View of the Christian Quarter of Jerusalem’s Old City, with the Church of the Holy Sepulchre in the foreground. (It’s the building taking up most of the lower right quadrant of the photo, with a square tower topped with a red roof and two grey domes.)
The Old City of Jerusalem is in the East of the city and thus part of the Occupied Territories.
There are four historic quarters. The Muslim Quarter in the north-east is the largest in size and population. The Christian Quarter, next door in the north-west, is the second largest, followed by the Jewish Quarter in the south-east and the Armenian in the south-west. There used to be a fifth, the Moroccan Quarter, but that was absorbed into the Jewish Quarter in 1967 following the Six Day War and its buildings largely demolished to improve access to the Western Wall of the now ruined Second Jewish Temple (the “Wailing Wall”).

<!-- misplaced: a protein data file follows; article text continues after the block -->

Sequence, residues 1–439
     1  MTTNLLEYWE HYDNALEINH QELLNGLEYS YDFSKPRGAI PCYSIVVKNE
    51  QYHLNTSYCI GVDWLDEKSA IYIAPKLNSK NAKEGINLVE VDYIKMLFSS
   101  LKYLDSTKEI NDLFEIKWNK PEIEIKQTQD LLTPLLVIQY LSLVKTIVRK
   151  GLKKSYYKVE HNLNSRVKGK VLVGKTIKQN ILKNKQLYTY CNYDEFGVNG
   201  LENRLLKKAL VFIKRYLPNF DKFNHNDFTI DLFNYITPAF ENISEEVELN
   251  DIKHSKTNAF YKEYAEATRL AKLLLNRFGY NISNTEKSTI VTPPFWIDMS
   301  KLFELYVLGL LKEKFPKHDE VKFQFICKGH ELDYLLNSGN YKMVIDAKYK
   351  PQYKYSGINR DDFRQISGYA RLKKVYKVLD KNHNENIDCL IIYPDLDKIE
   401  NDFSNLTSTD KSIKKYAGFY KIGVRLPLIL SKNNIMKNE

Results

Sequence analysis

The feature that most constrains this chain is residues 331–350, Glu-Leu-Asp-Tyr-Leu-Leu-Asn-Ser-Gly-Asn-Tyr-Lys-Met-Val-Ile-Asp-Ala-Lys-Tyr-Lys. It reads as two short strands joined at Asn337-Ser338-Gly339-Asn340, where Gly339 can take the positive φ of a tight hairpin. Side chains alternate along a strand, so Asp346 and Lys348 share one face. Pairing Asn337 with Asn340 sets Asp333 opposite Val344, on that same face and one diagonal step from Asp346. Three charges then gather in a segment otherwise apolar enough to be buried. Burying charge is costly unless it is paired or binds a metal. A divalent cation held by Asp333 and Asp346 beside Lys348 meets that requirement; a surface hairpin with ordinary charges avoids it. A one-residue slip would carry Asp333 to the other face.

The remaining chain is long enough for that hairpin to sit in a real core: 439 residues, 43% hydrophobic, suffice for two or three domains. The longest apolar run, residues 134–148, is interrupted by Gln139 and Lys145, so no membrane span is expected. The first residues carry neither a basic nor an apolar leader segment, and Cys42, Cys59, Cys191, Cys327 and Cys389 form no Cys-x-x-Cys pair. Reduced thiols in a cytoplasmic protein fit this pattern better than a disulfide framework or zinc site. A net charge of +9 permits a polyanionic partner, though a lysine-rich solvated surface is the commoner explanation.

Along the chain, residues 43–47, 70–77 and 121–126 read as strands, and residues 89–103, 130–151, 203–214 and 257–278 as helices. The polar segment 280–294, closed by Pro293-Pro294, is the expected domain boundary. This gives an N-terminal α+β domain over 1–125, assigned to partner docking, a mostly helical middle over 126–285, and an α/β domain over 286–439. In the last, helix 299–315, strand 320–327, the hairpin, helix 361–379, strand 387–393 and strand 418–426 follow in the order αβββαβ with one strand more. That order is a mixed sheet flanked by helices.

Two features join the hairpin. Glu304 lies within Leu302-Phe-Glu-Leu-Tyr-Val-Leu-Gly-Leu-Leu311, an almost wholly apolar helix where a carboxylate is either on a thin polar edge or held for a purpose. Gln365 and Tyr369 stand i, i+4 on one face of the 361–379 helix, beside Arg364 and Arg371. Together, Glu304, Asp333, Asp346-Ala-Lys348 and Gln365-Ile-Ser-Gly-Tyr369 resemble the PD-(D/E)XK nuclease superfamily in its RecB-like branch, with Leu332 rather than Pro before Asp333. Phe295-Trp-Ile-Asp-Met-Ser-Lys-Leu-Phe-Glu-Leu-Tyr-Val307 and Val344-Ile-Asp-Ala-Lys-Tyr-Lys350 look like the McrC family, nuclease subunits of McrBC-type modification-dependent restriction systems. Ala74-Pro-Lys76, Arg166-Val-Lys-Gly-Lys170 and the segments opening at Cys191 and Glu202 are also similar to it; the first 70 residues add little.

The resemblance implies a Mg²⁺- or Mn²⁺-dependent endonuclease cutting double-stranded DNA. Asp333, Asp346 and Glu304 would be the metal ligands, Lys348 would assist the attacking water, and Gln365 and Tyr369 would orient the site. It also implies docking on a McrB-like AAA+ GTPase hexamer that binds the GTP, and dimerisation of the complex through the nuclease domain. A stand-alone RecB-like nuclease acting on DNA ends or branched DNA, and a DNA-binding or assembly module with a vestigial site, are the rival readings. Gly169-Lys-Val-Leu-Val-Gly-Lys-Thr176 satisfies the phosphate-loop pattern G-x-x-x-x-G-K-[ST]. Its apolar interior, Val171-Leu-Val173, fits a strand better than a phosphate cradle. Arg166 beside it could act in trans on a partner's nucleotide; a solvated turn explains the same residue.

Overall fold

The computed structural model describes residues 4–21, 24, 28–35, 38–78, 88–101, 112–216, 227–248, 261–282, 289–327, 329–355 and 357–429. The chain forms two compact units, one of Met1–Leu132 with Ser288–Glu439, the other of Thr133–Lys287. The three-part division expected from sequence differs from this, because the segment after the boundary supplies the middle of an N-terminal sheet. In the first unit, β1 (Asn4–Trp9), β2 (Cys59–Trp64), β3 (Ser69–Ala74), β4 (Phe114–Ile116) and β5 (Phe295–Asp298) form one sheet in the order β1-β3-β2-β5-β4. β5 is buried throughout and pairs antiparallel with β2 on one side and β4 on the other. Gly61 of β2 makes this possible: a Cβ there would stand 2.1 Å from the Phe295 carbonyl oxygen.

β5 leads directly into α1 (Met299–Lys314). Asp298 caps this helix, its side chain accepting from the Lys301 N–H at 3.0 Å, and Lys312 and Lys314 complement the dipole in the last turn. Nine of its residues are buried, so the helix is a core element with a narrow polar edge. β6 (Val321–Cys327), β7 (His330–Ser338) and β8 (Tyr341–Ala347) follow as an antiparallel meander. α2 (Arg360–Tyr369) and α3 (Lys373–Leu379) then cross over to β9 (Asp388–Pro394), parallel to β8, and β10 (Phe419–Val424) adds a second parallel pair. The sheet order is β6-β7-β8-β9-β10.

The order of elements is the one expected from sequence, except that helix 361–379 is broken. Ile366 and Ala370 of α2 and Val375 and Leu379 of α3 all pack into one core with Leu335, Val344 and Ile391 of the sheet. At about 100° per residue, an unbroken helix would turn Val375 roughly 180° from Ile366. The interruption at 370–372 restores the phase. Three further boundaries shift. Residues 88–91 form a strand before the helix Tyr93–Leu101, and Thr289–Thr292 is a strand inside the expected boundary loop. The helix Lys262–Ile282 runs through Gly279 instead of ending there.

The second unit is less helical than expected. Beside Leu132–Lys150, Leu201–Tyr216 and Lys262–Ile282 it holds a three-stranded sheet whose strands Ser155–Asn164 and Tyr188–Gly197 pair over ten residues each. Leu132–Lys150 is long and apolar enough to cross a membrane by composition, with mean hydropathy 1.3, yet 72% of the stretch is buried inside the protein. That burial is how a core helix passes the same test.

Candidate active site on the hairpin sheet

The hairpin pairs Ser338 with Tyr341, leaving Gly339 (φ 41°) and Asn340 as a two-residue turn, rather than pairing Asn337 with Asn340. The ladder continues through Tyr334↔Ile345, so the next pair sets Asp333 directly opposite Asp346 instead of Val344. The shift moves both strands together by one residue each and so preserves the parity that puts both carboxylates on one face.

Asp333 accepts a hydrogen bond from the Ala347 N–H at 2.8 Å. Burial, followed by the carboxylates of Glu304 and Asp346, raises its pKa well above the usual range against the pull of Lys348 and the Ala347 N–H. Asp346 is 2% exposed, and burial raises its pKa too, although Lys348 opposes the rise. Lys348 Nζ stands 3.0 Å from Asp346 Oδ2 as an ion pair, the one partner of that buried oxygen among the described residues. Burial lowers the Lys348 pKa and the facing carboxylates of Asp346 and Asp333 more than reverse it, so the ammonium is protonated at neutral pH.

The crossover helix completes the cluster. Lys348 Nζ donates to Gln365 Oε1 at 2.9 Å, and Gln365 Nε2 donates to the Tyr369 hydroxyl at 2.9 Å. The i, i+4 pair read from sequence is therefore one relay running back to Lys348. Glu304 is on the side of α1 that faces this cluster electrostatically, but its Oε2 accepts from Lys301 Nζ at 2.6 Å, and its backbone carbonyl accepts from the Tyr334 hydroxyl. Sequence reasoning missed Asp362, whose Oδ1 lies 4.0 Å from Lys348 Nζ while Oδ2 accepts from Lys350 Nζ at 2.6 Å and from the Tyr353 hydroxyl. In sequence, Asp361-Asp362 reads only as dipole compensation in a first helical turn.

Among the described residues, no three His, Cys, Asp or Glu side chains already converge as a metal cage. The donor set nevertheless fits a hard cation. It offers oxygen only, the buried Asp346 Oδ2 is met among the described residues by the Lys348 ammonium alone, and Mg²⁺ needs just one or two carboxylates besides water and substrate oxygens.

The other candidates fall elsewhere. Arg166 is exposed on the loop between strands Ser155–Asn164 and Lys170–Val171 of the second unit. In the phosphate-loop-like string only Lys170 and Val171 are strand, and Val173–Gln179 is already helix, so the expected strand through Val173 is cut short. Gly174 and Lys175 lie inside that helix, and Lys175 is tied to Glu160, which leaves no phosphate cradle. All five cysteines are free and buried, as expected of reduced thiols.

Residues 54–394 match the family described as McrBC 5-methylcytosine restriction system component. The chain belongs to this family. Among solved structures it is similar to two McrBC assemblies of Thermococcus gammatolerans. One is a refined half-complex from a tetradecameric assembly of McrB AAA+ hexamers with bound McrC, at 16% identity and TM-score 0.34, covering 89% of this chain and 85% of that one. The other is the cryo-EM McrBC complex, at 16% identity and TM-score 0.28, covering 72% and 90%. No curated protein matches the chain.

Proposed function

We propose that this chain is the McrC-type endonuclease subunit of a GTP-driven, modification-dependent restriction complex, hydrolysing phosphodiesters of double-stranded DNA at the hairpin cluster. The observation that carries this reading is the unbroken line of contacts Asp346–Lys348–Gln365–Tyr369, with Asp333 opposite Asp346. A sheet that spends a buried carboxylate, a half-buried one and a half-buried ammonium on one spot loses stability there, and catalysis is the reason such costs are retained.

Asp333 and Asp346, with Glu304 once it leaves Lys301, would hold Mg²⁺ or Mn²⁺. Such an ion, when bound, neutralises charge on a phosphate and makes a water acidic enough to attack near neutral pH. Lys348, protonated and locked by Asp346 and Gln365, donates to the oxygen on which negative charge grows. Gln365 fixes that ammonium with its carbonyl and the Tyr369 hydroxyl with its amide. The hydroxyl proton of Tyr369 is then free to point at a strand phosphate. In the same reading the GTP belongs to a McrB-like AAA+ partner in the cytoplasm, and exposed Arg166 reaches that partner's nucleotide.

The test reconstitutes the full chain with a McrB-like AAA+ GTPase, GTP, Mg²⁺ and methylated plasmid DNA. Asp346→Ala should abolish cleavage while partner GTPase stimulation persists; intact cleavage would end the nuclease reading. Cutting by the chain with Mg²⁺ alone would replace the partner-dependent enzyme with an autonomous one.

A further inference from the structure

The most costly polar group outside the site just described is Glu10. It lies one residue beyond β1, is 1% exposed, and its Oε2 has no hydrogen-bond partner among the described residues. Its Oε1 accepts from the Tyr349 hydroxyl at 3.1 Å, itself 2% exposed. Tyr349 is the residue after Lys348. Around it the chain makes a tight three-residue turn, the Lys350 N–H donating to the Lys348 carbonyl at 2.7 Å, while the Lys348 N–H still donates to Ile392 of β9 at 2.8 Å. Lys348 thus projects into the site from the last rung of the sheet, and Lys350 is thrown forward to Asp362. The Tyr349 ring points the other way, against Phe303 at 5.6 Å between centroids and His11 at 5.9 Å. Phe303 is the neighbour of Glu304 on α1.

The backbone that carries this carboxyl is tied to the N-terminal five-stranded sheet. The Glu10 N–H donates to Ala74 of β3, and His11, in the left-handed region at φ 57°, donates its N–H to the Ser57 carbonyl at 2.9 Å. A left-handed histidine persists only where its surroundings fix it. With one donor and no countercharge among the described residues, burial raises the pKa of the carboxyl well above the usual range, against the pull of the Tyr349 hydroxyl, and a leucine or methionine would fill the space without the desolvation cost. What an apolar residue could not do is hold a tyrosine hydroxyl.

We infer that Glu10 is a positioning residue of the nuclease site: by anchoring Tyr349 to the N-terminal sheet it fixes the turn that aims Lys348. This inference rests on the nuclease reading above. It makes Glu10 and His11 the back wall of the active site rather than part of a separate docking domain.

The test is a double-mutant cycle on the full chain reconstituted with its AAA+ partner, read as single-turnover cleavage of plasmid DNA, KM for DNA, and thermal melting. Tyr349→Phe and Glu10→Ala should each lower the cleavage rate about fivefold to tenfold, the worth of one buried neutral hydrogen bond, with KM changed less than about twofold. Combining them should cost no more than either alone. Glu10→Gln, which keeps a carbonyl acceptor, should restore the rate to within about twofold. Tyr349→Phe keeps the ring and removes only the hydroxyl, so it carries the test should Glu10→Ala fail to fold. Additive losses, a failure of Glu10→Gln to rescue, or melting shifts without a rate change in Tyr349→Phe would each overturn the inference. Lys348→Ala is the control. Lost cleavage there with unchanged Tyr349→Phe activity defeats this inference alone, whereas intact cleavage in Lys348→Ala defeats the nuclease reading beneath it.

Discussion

The Church of the Holy Sepulchre is on the reputed site where Jesus’s body was laid to rest after his crucifixion, and thus also the site of his resurrection. It’s the headquarters of the Greek Orthodox Patriarch of Jerusalem, but several other Christian sects own parts of it, including the Roman Catholics and several Eastern Churches (but no Protestants).